Until the modification, any account balances remaining unused at the end of the year were forfeited by employees. Under current law, plan sponsors have the option of allowing employees a grace period permitting them to use amounts remaining unused at the end of a year to pay qualified FSA expenses incurred for up to two and a half months following year-end. The new rules give employers the option to allow employees to carry over up to $500 of the unused amounts left in their health FSAs for expenses in the next year. The existing option for plan sponsors to allow employees a grace period after the end of the plan year remains in place. However, a health FSA cannot have both a carryover and a grace period; it can have one or the other or neither. For this reason, employers cannot offer a grace period on the same plan year that it offers the carryover provision. So, employers may continue to allow the use of funds for up to two-and-a-half months after the end of the plan year or allow employees to carry over up to $500 of unused funds, but not both. It is ultimately the employer’s choice to provide either option, or no option at all.

The treasury department has posted a Fact Sheet on its website that can be shared with employees.


Counting the Cost of Payroll Cards: Are They Worth It for Employers?

Paying employees is a complicated business. For employers in retail and other industries where employees may not have bank accounts, payroll cards have emerged as a potential solution. But are payroll cards an answer, or just an illusion?

Paying employees is a complicated business. For employers in retail and other industries where employees may not have bank accounts, payroll cards have emerged as a potential solution. But are payroll cards an answer, or just an illusion?

Generally speaking, payroll cards (or pay cards) function as debit cards. The employer deposits the employee’s pay into an account, and the payroll card allows the employee to withdraw funds, authorize payments, or even write checks. The benefits to both parties are seemingly undeniable. Employees receive immediate access to their money. Payroll card accounts are often less expensive for the employer than cutting physical checks. Payroll cards are available to employees without bank accounts, and employees do not have to pay check-cashing fees. On the other hand, users of payroll cards may be charged fees for withdrawals, transfers, replacing cards, or even inactivity. These fees may run afoul of widely varying state laws that are often more onerous than federal regulations. For example, many states require that 100 percent of net payroll funds be made accessible to employees without cost on at least a pay-period basis. This year, the New York Attorney General launched an investigation into the use of payroll cards by many large retail employers within the state.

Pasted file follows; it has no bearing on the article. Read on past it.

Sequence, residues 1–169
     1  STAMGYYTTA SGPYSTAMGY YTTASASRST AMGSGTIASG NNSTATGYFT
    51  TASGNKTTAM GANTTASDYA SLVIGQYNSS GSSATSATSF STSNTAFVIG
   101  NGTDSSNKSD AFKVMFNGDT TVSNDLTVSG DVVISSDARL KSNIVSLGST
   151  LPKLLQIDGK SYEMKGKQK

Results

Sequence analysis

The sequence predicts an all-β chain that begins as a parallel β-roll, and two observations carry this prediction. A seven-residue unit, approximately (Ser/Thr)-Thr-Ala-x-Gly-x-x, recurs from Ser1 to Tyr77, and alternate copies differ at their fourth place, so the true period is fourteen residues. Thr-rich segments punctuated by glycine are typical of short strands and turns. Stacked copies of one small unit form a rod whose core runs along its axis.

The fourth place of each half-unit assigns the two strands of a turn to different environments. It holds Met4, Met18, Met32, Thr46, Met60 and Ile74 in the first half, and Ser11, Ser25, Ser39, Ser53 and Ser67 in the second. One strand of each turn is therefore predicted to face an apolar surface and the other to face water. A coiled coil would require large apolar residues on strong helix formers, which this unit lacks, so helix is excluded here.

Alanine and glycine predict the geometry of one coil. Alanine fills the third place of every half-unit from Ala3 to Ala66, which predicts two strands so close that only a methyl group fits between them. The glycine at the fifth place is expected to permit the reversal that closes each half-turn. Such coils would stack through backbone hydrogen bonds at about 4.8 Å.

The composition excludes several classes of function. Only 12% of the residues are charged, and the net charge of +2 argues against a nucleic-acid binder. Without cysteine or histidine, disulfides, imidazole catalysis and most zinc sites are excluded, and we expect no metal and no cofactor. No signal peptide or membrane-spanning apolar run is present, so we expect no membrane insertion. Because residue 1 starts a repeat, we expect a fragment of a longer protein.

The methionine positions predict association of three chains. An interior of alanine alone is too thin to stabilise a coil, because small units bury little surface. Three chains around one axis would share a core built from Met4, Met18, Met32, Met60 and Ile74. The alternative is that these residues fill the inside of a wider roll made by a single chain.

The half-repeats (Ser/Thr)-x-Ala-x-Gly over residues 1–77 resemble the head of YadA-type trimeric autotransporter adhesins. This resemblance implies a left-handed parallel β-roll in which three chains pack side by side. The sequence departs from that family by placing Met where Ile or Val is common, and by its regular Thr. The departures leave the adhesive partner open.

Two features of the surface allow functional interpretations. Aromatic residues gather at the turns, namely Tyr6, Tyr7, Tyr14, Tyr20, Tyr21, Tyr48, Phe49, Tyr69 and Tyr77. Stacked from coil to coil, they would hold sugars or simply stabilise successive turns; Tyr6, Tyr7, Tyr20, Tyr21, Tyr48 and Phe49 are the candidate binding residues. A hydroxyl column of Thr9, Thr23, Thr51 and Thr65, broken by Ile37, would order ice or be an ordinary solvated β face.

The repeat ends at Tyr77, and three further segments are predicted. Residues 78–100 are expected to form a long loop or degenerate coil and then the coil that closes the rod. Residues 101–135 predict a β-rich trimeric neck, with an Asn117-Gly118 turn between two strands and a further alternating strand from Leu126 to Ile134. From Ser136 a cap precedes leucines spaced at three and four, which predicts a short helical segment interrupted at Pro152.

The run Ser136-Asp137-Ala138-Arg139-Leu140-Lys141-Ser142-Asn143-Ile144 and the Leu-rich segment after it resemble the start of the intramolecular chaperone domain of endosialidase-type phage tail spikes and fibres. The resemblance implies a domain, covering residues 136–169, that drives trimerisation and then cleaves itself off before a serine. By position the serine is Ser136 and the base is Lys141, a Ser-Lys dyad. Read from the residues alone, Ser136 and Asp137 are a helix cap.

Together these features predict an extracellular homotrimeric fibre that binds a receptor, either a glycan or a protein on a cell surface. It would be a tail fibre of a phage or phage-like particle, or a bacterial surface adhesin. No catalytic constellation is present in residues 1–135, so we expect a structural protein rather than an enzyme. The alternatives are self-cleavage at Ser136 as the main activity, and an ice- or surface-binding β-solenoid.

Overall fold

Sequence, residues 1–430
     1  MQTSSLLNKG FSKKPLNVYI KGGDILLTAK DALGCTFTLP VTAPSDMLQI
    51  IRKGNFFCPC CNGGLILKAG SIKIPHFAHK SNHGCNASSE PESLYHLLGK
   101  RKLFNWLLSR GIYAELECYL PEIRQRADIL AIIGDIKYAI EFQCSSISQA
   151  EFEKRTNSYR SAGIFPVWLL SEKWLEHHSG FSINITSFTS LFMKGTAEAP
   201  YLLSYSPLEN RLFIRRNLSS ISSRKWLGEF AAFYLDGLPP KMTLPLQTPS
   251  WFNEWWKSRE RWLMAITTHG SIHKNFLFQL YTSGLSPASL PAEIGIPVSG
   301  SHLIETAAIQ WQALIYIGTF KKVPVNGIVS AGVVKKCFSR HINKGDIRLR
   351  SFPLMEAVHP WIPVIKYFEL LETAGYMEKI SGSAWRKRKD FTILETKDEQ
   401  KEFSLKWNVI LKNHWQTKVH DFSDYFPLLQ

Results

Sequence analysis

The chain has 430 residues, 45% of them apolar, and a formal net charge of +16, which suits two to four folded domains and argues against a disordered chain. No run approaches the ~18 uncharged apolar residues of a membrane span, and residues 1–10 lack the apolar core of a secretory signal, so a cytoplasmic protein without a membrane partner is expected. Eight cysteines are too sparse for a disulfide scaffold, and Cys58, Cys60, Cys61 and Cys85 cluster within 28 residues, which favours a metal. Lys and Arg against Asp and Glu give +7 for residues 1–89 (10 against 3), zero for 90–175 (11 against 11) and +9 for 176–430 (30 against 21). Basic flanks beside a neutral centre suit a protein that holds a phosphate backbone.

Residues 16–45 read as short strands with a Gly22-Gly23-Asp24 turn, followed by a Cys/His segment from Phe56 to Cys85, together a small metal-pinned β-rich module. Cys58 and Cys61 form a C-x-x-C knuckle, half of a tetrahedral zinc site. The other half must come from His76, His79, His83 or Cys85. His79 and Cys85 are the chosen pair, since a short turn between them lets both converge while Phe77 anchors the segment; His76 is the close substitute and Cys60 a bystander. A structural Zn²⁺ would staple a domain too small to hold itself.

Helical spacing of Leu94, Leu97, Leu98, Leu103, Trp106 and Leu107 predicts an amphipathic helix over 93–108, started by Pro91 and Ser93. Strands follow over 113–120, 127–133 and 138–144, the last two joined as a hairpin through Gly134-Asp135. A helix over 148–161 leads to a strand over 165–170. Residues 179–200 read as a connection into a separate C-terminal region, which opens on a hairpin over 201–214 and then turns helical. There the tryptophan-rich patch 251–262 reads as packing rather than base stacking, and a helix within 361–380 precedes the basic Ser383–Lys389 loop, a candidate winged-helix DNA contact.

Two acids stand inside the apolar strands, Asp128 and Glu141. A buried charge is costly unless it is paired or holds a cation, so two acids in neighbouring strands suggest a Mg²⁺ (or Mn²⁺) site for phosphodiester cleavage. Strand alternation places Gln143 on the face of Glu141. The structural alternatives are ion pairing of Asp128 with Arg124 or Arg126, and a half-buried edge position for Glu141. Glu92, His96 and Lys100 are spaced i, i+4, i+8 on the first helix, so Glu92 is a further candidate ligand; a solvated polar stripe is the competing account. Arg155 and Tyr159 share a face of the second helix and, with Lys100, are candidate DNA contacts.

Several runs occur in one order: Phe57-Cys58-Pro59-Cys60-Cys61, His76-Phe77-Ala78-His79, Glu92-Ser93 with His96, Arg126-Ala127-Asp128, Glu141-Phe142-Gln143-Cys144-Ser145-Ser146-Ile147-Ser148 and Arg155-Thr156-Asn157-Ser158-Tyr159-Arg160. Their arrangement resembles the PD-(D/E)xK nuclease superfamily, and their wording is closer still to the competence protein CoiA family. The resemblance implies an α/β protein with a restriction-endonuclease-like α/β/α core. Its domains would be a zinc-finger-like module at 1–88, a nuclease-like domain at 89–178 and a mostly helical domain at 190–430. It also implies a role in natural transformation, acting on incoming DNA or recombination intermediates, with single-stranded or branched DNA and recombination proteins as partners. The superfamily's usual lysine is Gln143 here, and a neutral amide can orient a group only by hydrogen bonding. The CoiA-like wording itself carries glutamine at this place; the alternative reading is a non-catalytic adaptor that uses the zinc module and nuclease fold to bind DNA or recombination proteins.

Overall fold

Some states allow pay cards to be the default method of payment, although restrictions may apply. However, in some states — specifically, Montana and Rhode Island — the departments of labor have taken the blanket enforcement position that any use of pay cards for wage payment is unlawful. (It is important to note that the statutes in these states are silent on the use of pay cards. Accordingly, it remains to be seen whether the courts would uphold the labor departments’ position, or whether the departments might choose to take a different enforcement position, in the future.)

The argument could also be made that the use of pay cards – if mandated by employers, and if unavoidable fees are charged – could impermissibly drop employees’ pay below the applicable minimum wage.